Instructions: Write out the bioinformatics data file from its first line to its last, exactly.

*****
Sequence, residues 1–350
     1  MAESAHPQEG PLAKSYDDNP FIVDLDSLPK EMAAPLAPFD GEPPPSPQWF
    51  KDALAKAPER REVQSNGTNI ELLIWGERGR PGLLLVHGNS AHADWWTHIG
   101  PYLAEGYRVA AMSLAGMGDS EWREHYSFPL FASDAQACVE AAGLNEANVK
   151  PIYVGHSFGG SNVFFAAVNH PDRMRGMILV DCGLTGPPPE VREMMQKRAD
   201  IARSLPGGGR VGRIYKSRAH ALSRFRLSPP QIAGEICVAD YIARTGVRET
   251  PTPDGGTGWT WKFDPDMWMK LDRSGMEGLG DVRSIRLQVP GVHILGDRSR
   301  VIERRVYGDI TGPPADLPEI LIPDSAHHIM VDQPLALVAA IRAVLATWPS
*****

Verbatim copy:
Sequence, residues 1–350
     1  MAESAHPQEG PLAKSYDDNP FIVDLDSLPK EMAAPLAPFD GEPPPSPQWF
    51  KDALAKAPER REVQSNGTNI ELLIWGERGR PGLLLVHGNS AHADWWTHIG
   101  PYLAEGYRVA AMSLAGMGDS EWREHYSFPL FASDAQACVE AAGLNEANVK
   151  PIYVGHSFGG SNVFFAAVNH PDRMRGMILV DCGLTGPPPE VREMMQKRAD
   201  IARSLPGGGR VGRIYKSRAH ALSRFRLSPP QIAGEICVAD YIARTGVRET
   251  PTPDGGTGWT WKFDPDMWMK LDRSGMEGLG DVRSIRLQVP GVHILGDRSR
   301  VIERRVYGDI TGPPADLPEI LIPDSAHHIM VDQPLALVAA IRAVLATWPS